Events in Bellagio
From the end of June to the end of July each year, Lake Como plays host to the Bellagio and Lake Como Festival. Best described as a musical extravaganza, the event takes place not just in Bellagio but in dozens of towns around Lake Como and in a variety of settings including theatres, churches, villas and parks. Both Italian and international orchestras, quartets, solo artists and performers take part, putting on numerous concerts for people to enjoy. Alongside this, there are art exhibitions, talks and seminars that people can participate in.
Where to stay in Bellagio
If you want to visit Bellagio, then choose a Lake Como villa that will tick all the boxes! However, you don’t have to be based on Lake Como to explore Bellagio. It’s actually an easy day trip from Lake Maggiore too or Lake Lugano. So you could choose any of the Italian Lakes villas available from Bookings For You for your trip.
How to travel to Bellagio
Bellagio is conveniently situated in the middle of Lake Como and is relatively easy to reach using both public and private transport.
By car: For those coming by car, parking can be tricky in Bellagio, particularly in peak season. Certainly between April and October, the historic centre of Bellagio is fully pedestrianised during the day and access by car is only possible if staying in one of the hotels (and even then it is vital that you register your vehicle to avoid being fined). To help finding a parking space, please be aware that parking spaces marked with white lines are free of charge whilst those that require payment are marked with blue lines. Payment typically applies between the hours of 8 am and 8 pm.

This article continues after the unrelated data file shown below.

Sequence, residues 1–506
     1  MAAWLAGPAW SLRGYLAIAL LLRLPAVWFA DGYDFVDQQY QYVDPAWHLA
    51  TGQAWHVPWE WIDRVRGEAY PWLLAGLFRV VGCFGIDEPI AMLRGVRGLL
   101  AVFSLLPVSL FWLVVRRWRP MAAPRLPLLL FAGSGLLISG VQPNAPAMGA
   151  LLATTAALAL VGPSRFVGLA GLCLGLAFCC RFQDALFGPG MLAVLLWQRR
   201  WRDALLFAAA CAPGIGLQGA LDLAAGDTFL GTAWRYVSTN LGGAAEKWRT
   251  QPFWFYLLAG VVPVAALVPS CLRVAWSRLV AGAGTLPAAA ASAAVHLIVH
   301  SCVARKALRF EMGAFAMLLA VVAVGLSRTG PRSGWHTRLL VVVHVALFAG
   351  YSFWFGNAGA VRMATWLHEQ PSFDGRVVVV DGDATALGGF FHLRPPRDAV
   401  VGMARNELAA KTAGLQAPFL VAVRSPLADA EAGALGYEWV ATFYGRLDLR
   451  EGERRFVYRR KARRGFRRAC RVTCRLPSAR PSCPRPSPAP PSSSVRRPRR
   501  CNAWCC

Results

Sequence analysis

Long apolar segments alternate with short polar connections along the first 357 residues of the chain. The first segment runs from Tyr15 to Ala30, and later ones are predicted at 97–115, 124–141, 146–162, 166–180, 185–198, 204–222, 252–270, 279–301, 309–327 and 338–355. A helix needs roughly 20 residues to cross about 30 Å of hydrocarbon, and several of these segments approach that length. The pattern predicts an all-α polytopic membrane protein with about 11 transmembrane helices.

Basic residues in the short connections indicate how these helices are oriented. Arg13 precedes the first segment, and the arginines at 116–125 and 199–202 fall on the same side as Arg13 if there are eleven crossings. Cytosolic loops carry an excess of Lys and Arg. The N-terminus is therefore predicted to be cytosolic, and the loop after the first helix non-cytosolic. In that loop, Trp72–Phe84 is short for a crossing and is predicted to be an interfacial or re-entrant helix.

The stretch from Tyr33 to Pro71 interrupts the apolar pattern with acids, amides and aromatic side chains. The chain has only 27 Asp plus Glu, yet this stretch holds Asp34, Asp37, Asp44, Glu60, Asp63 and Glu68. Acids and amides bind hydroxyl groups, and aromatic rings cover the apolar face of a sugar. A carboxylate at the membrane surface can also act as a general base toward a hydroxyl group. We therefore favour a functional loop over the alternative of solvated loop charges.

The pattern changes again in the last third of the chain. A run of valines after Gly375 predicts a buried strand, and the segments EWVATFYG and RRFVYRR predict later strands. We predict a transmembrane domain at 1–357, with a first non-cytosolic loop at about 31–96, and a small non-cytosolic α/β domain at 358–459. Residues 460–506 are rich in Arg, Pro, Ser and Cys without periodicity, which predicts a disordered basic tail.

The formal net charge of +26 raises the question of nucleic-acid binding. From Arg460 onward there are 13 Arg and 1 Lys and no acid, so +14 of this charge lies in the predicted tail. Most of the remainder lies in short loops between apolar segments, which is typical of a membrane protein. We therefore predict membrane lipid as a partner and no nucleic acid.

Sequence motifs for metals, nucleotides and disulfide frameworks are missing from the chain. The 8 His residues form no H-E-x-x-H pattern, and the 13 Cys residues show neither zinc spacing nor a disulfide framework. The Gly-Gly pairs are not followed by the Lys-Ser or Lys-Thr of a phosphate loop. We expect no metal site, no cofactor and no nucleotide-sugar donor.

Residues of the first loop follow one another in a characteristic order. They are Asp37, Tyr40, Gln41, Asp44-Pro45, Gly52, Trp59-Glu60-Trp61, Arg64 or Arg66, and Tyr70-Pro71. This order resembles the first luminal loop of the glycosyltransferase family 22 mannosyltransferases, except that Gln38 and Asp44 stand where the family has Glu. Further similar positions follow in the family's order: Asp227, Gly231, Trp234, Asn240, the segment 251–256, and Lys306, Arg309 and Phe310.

By boat: A network of boats criss-cross Lake Como all day long so it’s easy to reach Bellagio using either the public boat network or by hiring a private boat and navigating the lake yourself. If using the public boat network, there are three types of boat. The Corse Battello is a slow boat service that connects all the lakeside towns. The Corse Rapide is a faster service which connects most of the towns on Lake Como’s shores including Bellagio (but not those along the south eastern branch of the lake). Finally, should you wish to travel to Bellagio by car using the boat network, then you would need to use the Corse Traghetto. These boats allow cars on board but only operate between the towns in the central part of the lake – Varenna, Bellagio, Menaggio and Cadenabbia.
By plane: The nearest airports are Milan Bergamo (65 km), Milan Linate (75 km) or Milan Malpensa (90 km). From here, you can then hire a car or use the public transport network to reach Bellagio.
By train: The nearest train station is in Varenna. Once in Varenna, you can walk downhill from the station to the boat stop and use the boat network to make the short journey to Bellagio. Alternatively, you can take a taxi from Varenna train station to Bellagio.